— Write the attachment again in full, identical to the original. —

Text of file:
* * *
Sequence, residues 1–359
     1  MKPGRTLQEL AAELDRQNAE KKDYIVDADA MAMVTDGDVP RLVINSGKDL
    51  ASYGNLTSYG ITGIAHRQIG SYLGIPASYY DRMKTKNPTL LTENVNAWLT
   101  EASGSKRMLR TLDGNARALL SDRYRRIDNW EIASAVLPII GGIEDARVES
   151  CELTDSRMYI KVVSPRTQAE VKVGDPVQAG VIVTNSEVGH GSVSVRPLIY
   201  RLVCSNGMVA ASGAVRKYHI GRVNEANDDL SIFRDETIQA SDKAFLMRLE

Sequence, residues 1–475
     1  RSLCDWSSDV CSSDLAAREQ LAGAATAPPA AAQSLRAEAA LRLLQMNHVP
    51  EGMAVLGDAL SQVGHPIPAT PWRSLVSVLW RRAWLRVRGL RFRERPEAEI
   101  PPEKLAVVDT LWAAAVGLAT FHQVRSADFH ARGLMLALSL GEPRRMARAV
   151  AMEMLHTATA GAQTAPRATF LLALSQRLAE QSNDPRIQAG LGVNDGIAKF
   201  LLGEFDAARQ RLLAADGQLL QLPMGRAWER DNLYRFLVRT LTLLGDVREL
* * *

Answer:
Sequence, residues 1–359
     1  MKPGRTLQEL AAELDRQNAE KKDYIVDADA MAMVTDGDVP RLVINSGKDL
    51  ASYGNLTSYG ITGIAHRQIG SYLGIPASYY DRMKTKNPTL LTENVNAWLT
   101  EASGSKRMLR TLDGNARALL SDRYRRIDNW EIASAVLPII GGIEDARVES
   151  CELTDSRMYI KVVSPRTQAE VKVGDPVQAG VIVTNSEVGH GSVSVRPLIY
   201  RLVCSNGMVA ASGAVRKYHI GRVNEANDDL SIFRDETIQA SDKAFLMRLE

Sequence, residues 1–475
     1  RSLCDWSSDV CSSDLAAREQ LAGAATAPPA AAQSLRAEAA LRLLQMNHVP
    51  EGMAVLGDAL SQVGHPIPAT PWRSLVSVLW RRAWLRVRGL RFRERPEAEI
   101  PPEKLAVVDT LWAAAVGLAT FHQVRSADFH ARGLMLALSL GEPRRMARAV
   151  AMEMLHTATA GAQTAPRATF LLALSQRLAE QSNDPRIQAG LGVNDGIAKF
   201  LLGEFDAARQ RLLAADGQLL QLPMGRAWER DNLYRFLVRT LTLLGDVREL